CSPI Asks for a New Warning Label on Synthetically Dyed Foods
Proposed Warning Labels Are Needed to Inform Parents that Food Dyes Cause Behavioral Problems in Children
Foods that contain Red 40, Yellow 5, or other synthetic food dyes should bear a label warning parents that the dyes can adversely affect children’s behavior, according to the Center for Science in the Public Interest. The nonprofit nutrition and food safety watchdog group today urged the Food and Drug Administration to require such labels and submitted more than 2,000 complaints that CSPI has collected from parents who believed their children were adversely impacted by the chemicals.
In a letter to FDA Commissioner Robert Califf and Center for Food Safety and Applied Nutrition Director Susan Mayne, CSPI said that the agency previously acknowledged in 2011 that dyes may trigger adverse behavioral reactions in children. Ideally, said CSPI, dyes should not be in the food supply. But as long as they are, the FDA should require warning labels, as it has required warnings on unpasteurized juices and foods that contain aspartame, among other examples, according to CSPI.
“As long as dyes are permitted, only a warning label will provide consumers with the appropriate information to enable them to make the association between foods containing these dyes and their children’s behavioral symptoms,” CSPI wrote. “The FDA has mandated such labeling in the past on several occasions. For the same reason, labeling is necessary in the context of food dyes.”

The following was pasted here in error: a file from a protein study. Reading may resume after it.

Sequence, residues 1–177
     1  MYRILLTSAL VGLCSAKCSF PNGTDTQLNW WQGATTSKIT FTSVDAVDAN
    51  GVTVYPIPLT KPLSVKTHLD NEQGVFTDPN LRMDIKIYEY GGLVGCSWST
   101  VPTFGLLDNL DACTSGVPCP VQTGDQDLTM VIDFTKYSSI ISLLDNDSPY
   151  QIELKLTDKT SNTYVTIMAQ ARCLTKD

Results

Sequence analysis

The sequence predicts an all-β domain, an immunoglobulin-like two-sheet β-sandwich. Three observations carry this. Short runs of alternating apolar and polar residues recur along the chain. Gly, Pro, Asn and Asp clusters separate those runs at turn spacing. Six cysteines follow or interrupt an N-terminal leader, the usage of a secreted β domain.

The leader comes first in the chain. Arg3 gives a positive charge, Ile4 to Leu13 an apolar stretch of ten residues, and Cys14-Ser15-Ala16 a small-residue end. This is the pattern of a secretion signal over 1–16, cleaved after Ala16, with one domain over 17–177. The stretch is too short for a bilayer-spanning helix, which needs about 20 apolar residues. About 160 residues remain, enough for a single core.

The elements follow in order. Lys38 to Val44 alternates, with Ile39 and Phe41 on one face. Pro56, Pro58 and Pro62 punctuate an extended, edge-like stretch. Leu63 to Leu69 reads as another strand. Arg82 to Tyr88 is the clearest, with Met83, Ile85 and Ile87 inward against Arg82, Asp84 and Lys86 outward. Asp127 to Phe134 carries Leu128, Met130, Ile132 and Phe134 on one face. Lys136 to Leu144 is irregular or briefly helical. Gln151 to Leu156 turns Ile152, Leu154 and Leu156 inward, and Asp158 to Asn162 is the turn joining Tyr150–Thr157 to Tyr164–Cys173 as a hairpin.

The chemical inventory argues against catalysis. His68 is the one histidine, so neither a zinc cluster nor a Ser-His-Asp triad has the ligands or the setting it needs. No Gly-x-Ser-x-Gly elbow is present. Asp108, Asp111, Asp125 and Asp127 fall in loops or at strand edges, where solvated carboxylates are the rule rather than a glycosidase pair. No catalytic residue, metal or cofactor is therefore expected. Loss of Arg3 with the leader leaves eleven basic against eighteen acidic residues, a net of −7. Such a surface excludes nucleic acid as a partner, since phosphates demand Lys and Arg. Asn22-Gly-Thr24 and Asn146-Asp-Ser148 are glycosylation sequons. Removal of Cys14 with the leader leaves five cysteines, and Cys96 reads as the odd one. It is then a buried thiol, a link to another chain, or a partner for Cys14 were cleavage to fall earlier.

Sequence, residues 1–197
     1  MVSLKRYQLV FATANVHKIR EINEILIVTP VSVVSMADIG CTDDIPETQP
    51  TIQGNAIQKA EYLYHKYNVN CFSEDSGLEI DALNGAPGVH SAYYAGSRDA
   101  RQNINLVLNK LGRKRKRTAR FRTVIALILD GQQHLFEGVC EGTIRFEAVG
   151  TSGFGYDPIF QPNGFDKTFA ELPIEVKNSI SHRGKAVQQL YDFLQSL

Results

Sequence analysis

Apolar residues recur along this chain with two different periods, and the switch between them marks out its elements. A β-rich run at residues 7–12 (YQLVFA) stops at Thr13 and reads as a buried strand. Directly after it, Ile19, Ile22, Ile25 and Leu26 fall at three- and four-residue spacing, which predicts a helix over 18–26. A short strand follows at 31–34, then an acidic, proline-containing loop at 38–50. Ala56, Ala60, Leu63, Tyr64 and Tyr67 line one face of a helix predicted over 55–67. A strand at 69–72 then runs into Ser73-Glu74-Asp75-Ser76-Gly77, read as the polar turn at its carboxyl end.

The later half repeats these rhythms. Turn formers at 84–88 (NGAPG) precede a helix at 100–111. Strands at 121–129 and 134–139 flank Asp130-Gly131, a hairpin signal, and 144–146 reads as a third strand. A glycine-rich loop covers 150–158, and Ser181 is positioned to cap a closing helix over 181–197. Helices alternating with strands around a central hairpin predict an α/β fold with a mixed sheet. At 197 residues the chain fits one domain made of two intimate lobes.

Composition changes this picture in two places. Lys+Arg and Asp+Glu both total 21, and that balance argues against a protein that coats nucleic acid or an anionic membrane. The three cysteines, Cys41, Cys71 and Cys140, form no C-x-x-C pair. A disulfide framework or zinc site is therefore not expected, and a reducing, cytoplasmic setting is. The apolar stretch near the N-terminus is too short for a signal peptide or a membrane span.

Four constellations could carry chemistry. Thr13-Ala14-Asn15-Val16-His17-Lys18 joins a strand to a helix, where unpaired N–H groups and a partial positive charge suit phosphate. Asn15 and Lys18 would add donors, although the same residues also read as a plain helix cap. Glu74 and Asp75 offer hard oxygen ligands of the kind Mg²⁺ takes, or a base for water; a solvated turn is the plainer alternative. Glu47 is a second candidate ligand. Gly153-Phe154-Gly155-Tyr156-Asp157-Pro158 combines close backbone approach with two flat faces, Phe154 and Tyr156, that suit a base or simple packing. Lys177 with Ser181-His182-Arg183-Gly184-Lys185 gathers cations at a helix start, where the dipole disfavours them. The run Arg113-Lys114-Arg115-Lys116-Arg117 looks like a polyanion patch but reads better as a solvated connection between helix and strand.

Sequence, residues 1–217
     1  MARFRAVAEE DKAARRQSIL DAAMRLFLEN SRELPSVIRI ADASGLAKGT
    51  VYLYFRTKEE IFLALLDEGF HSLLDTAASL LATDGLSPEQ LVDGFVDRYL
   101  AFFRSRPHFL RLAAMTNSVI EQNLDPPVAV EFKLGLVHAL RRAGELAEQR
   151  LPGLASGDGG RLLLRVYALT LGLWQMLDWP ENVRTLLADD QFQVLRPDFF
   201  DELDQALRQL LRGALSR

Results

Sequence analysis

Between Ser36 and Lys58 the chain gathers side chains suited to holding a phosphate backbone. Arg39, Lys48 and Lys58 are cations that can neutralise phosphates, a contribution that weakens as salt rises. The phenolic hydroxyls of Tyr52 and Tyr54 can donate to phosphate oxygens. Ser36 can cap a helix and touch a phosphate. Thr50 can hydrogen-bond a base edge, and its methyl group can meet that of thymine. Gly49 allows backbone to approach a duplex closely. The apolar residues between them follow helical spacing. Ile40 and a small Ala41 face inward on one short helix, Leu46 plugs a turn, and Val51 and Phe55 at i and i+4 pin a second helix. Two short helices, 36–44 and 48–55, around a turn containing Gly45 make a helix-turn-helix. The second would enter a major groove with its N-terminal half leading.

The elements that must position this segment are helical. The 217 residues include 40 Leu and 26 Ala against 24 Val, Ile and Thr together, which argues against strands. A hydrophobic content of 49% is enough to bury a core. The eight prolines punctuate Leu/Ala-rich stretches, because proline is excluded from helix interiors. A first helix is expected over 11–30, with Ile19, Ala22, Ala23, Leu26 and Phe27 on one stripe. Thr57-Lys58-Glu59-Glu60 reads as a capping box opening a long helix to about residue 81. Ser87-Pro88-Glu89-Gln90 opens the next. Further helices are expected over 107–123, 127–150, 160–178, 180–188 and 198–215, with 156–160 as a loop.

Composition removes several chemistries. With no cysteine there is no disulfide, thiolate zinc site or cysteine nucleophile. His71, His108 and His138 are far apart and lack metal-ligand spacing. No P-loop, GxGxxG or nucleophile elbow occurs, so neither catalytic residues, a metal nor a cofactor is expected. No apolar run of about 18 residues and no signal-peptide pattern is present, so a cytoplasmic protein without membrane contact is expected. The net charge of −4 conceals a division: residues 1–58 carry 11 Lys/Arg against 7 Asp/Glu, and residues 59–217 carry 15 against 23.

Europe requires a warning label on most dyed foods, and that has led many companies to replace dyes with natural colorings.
Erica Stewart of Chicago submitted one of the complaints CSPI delivered to the FDA. She had taken her son to several doctors to treat his behavioral problems before discovering that eliminating Red 40 from his diet reduced his symptoms.
“We spent years battling my middle son’s severe emotional and behavioral problems,” Stewart wrote. “He was non-verbal, violent to the point of hurting himself and others. He was utterly out of control and would require up to four adults to restrain him… two weeks after he stopped eating any food with red dye, he began talking, stopped hurting people, and was a whole new child.”
In 2008, CSPI urged the FDA to ban synthetic food dyes and in January of 2016 released Seeing Red, a report that detailed the mounting scientific evidence of the behavioral problems caused by food dyes. Because FDA has not acted, and because most parents—and doctors—are not even aware that dyes could be contributing to their child’s problems, CSPI suggests that a warning label would make the connections clear to consumers. The consumer group says that awareness could avoid the needless suffering of children and families, as well as potentially avert the need for medication or other medical interventions in some children.
Contact Jeff Cronin (jcronin[at]cspinet.org) or Ariana Stone (astone[at]cspinet.org).